Mark L. Zyla

Mark L. Zyla, CPA/ABV, CFA, ASA, provides valuation consulting for various types of entities for the purposes of mergers and acquisitions, financial reporting, tax planning, and corporate recapitalizations, as well as valuing various types of intellectual property and other intangible assets. Mr. Zyla is a member of the American Society of Appraisers (“ASA”), the American Institute of Certified Public Accountants (“AICPA”), the CFA Institute, and the Atlanta Society of Financial Analysts. He is a former member of the Business Valuations Committee of the AICPA and a current Chairman of the ABV Examination Committee of the AICPA. He is also a current member of the Business Valuation Standards Subcommittee of the ASA. He is also a member of the Atlanta Venture Forum, a professional organization of the venture capital community. He is one of the authors of the International Glossary of Business Valuation Terms which has been adopted by the major valuation organizations. Mr. Zyla co-authored Valuation for Financial Reporting: Intangible Assets, Goodwill and Impairment Analysis, SFAS 141 and 142, published by John Wiley & Sons, Inc. He also co-authored the course, “Valuing Goodwill and Other Intangible Assets”, published by the AICPA.

Table of Contents

Detailed Analysis

I. Overview of FASB's Fair Value Project

Introductory Material

A. Introduction

1. Examples of Fair Values in CAP Promulgations

a. Valuation of Intangibles

b. Lower-of-Cost-or-Market Rule

c. Business Combinations

2. Examples of Fair Values in APB Promulgations

a. Business Combinations

b. Nonmonetary Exchanges

3. Examples of Fair Values in FASB Promulgations

a. Troubled Debt Restructuring

b. Issues Concerning the Broadcasting Industry

c. Issues Concerning the Banking Industry

d. Issues Concerning the Real Estate Industry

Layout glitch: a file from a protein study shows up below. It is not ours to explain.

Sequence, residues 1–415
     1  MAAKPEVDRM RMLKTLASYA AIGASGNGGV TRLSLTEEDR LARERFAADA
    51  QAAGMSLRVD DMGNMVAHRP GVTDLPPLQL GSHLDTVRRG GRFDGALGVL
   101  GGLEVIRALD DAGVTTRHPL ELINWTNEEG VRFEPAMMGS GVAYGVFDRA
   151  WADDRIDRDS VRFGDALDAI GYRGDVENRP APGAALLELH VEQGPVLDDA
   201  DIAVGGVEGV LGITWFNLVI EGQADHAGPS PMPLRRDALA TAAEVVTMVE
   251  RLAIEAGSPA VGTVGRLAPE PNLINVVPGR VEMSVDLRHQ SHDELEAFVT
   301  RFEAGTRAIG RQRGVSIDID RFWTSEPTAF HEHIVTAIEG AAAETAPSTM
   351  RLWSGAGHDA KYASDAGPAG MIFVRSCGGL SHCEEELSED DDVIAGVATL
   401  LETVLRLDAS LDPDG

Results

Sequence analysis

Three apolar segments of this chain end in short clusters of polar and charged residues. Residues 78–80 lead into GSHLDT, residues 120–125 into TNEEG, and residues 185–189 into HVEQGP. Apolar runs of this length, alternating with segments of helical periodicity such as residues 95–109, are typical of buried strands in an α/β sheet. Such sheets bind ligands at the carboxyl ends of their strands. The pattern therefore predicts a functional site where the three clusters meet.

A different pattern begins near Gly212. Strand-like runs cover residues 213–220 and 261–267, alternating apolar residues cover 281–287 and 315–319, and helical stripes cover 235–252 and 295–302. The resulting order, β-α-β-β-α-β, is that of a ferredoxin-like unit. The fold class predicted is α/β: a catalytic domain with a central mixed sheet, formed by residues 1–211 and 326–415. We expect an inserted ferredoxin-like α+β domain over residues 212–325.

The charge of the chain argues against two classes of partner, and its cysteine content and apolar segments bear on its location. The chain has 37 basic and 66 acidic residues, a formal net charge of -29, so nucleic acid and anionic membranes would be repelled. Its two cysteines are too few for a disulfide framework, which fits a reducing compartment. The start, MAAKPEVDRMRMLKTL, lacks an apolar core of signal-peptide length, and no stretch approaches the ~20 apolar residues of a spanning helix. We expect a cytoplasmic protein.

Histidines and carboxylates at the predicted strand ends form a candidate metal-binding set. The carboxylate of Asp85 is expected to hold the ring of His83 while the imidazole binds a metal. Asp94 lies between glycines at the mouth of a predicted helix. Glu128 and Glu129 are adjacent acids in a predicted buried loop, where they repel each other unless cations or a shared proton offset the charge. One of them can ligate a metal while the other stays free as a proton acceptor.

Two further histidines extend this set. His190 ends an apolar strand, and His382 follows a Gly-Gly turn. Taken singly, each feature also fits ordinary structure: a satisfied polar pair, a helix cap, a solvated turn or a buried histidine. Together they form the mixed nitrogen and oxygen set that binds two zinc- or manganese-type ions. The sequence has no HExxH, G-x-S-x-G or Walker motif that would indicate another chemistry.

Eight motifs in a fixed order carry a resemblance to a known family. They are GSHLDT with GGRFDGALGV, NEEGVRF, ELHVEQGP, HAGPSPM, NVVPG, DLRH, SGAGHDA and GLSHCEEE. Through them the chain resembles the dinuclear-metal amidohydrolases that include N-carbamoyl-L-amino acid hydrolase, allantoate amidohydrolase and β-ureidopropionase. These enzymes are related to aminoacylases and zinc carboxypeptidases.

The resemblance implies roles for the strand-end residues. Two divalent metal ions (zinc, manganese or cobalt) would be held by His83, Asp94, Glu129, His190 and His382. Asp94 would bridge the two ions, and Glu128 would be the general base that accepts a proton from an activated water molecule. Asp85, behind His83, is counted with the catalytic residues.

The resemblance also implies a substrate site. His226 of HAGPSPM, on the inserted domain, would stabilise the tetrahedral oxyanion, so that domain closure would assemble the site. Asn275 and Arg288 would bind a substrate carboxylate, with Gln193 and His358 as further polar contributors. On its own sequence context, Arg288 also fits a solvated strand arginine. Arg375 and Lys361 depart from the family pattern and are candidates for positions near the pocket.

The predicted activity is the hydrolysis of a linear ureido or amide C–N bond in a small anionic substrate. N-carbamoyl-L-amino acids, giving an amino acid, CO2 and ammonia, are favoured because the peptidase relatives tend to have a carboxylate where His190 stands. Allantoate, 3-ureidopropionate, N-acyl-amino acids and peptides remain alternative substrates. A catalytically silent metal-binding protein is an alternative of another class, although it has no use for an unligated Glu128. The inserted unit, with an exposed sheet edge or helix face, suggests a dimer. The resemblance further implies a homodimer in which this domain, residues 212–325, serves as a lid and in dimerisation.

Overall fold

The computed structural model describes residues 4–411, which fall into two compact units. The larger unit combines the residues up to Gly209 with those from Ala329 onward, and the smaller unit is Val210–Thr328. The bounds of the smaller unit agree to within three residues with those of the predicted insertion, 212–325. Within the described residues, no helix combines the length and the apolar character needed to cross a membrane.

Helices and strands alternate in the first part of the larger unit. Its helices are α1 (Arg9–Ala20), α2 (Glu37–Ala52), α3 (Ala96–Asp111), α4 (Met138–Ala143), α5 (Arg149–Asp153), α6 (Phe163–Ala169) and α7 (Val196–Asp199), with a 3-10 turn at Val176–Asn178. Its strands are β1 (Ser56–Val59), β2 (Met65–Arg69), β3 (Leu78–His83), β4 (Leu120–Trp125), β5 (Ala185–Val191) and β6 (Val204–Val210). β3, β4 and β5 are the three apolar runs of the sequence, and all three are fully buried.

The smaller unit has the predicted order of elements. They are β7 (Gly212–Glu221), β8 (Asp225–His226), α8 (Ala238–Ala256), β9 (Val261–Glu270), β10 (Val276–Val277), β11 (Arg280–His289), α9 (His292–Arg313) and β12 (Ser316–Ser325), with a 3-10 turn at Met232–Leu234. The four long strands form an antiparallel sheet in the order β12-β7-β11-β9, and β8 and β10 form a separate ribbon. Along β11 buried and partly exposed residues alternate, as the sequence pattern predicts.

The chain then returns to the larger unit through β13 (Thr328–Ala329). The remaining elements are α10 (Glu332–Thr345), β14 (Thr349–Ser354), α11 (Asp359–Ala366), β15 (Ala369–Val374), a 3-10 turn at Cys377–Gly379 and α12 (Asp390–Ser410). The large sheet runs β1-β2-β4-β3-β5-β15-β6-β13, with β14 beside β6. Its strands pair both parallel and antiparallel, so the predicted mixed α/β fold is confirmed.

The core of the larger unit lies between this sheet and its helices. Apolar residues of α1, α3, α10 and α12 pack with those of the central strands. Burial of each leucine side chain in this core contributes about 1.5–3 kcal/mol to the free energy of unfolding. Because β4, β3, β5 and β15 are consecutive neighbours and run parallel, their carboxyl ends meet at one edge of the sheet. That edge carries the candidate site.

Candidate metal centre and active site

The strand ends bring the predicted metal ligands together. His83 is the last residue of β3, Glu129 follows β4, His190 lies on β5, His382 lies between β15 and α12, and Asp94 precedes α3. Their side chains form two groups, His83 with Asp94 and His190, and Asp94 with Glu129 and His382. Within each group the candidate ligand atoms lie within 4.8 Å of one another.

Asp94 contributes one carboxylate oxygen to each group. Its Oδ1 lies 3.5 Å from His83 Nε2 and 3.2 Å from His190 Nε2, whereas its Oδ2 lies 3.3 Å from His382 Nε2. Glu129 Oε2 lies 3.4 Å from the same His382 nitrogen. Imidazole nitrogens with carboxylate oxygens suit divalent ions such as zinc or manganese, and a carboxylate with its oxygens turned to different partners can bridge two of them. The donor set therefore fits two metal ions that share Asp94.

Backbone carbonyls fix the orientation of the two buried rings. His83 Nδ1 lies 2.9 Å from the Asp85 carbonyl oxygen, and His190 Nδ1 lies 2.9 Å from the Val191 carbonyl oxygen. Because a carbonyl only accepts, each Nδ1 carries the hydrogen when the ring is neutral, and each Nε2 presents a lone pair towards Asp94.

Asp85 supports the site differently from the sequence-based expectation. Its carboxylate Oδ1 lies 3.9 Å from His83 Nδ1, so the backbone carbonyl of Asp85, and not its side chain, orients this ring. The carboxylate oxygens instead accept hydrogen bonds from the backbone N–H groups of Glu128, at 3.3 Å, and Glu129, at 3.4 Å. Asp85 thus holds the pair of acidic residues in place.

e. Pension Accounting

f. Accounting for Postretirement Benefits Other Than Pensions

g. Disclosures About the Fair Value of Financial Instruments

h. Accounting for Debt and Equity Investments

i. Accounting for Contributions

j. Accounting for Derivatives

k. Valuation of Assets and Liabilities Through a Business Combination When Accounting for Them Under the Purchase Method

l. Use of Present Value Techniques to Approximate Fair Values

m. Amendments Dealing With Financial Instruments and the Servicing of Financial Assets

n. Fair Value Option for Financial Assets and Liabilities

4. Need for Clarification of Fair Value Measurements

5. The Purpose of This Portfolio

B. Overview of the Statement on Fair Value Measurements

1. Definition of Fair Value

2. The Aggregation Problem

3. Estimating Fair Values

4. The Fair Value Hierarchy

5. Present Values and Fair Values

C. Fair Value Measurements Within the FASB Conceptual Framework

1. Objectives of Financial Reporting

2. Qualitative Characteristics

3. Elements and Their Recognition

4. Measurement of the Elements

D. Summary and Conclusion

II. Accounting Measurement Theory

A. Introduction

B. Accounting Measurement in an Ideal World

1. What is Meant by an Ideal World?

2. Asset Valuation and Income Determination Under Certainty

3. Asset Valuation and Income Determination Under Uncertainty

4. Valuation in an Ideal World Versus Valuation in the Real World

C. Accounting Measurement in the Real World

1. Introduction

2. Three Valuation Systems

a. Historical Cost

b. Current Entry Value

c. Current Exit Value

d. Summary of the Accounting Valuation Systems

3. Adjusting for the Effects of Inflation

a. Inflation Adjustments to Balance Sheet Items

b. Inflation Adjustments to Income Statement Items

c. Example: Financial Statements Adjusted for the Effects of Inflation

d. Summary of Constant Dollar Reports

4. Official Literature

D. Summary and Conclusion

III. Present Values and Pricing Models

A. Introduction

B. Present Value as a Proxy for Market Prices

C. Present Values in the Professional Literature

1. How Present Values May Not Mimic Market Prices

2. Convergence of the Present Value and the Market Price

3. Examples in the Professional Literature

a. Present Values That Do Not Approximate Market Values

(1) Interest Amortization

(2) Leased Assets and Obligations

(3) Impairment of a Loan

b. Present Values That Do Proxy Market Values

(1) Imputation of Interest